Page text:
By Ian Bush

PHILADELPHIA (CBS) – The calendar this year has retailers concerned: with Thanksgiving falling as late as it can, there are as few shopping days as possible between turkey day and Christmas.  And stores are responding with big sales a lot earlier than we’re used to.

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“Walmart, Best Buy, Newegg, and Amazon — the four big ones when it comes to online and when we think of Black Friday deals — they all hit the ground running on November 1,” says Brent Shelton, spokesman for the deals portal  “They’re offering some kind of sale almost every day on particular items. They’re being very aggressive with toys and electronics.”

With Thanksgiving on November 28th, the run-up to Christmas features fewer shopping days — just 26, as compared to 32 last year.

But Eric Karson, associate professor of marketing at the Villanova School of Business, says his research shows there’s little reason for retailer worry.

“There is absolutely no correlation statistically between the number of shopping days and holiday spending,” Karson explains.

He’s run the numbers from the past dozen years of shopping days vs. sales figures and says they match up with the anecdotal evidence.

“Do you know anyone who’s saying, ‘hey, there’s fewer shopping days this holiday season, so I’m going to buy my friends and family fewer presents?'”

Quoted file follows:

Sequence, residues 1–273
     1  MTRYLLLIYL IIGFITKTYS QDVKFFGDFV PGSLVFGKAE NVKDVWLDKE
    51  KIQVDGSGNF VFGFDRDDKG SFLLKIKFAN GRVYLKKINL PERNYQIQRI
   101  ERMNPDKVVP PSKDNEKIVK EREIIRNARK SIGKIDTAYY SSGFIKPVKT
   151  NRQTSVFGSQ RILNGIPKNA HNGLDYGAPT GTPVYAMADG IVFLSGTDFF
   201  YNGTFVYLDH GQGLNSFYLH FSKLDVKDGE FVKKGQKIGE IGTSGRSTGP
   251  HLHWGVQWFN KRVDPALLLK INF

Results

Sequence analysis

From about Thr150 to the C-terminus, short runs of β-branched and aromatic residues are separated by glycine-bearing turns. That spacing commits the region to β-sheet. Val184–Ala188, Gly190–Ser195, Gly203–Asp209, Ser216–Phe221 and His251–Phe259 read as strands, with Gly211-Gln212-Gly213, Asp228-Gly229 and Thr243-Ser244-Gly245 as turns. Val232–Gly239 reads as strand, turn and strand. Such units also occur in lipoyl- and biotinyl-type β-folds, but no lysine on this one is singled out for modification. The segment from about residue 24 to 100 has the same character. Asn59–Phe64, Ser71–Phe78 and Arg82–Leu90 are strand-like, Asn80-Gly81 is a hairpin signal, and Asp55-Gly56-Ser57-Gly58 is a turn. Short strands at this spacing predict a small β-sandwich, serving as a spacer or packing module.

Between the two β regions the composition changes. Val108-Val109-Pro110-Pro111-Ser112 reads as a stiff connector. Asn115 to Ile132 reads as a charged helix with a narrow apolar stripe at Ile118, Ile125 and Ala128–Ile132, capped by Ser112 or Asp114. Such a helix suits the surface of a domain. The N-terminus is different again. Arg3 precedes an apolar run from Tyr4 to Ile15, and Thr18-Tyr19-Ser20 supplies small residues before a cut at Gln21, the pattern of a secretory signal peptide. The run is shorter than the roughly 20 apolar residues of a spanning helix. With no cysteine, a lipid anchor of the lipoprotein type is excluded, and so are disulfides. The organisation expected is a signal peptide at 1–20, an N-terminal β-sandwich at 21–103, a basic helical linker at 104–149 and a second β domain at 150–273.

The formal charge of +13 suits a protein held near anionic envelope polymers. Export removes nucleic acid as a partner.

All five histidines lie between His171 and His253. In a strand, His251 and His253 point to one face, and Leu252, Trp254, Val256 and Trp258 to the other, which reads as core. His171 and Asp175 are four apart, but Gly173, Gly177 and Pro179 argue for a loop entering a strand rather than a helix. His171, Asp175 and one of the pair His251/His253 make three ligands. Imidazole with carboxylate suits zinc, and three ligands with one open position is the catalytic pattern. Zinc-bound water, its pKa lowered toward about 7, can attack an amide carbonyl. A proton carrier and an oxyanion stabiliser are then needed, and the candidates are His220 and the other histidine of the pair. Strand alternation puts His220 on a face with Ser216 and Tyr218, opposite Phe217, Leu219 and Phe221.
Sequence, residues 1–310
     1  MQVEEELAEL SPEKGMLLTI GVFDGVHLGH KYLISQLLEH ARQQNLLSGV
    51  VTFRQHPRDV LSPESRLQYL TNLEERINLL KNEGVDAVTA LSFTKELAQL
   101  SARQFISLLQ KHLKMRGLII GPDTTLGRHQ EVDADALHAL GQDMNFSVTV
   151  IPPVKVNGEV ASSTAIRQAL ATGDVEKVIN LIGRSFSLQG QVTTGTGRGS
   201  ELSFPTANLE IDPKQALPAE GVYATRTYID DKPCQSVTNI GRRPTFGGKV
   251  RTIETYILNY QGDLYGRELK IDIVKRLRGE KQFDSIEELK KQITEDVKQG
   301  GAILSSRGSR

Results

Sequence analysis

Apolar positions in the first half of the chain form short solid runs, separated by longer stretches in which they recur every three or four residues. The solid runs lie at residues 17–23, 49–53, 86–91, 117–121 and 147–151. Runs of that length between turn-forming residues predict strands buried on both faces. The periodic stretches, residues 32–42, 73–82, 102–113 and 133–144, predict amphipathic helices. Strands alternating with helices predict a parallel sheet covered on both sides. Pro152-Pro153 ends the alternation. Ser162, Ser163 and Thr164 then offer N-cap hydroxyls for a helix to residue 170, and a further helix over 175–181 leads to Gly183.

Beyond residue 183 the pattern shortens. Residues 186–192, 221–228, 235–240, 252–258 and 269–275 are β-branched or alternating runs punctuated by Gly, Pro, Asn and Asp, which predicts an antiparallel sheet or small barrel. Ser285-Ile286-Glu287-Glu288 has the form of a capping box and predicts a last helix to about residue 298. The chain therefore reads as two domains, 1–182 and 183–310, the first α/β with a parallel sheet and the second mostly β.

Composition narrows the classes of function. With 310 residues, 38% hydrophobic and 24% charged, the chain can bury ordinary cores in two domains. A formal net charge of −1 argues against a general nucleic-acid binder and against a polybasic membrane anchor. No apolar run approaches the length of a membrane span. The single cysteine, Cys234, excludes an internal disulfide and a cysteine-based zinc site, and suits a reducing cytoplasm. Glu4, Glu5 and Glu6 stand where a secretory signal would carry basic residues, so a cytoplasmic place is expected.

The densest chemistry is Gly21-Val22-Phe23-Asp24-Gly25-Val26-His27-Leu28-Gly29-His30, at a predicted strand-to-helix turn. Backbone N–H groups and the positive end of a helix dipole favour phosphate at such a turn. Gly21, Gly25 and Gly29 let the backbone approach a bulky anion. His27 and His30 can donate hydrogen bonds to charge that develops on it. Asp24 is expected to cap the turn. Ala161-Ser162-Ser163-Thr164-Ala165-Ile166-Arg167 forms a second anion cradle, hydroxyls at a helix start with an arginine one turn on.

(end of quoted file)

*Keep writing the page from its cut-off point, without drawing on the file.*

Reporter: “No, I haven’t heard that at all.”

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Karson: “No, I haven’t heard that either — nor, frankly, could I imagine it.”

He sees online sales ticking up double-digits over the holiday season. Not so much for brick-and-mortar retailers — though Karson believes some will benefit from price matching and from shoppers’ desire for instant gratification.

Shelton says FatWallet, which posts Black Friday sales ads, has seen earlier-than-ever “leaks” of those circulars.

“Best Buy, even, has already come out with a teaser ad — it was only six items, but it’s given us an idea of how they’re going to lower prices for Black Friday,” he says. “Lowes has done the same thing. It’s possible that the aggressiveness with the early sales is working so they can hold on to their actual ads a little longer.”

Shelton says retailers and shoppers alike are boosted by the meteoric rise in mobile shopping — via smartphone and tablet — and stores are pushing consumers to open their inboxes.

“They want you in their email channel so they can basically advertise to you on a daily basis,” he explains. “They’ve been very aggressive with that this year — and to reward you, they offer these attractive deals that keep your attention through the process until we get to the bigger shopping days: Thanksgiving, Black Friday, and Cyber Monday.”

The country’s economic picture is far from rosy, with growth tempered by lingering signs of weakness.  But Karson says people — to the extent they’re financially able — still make the effort to put gifts under the tree.

“A Deloitte study finds people making over $100,000 would spend about $780 on holiday shopping this year,” he says. “People with lower incomes spend about $320 for gifts. But the government seems to be functioning again, and the stock market is going up.  So people are looking for a reason to exhale and have a little fun, and spend money on people they care about.”

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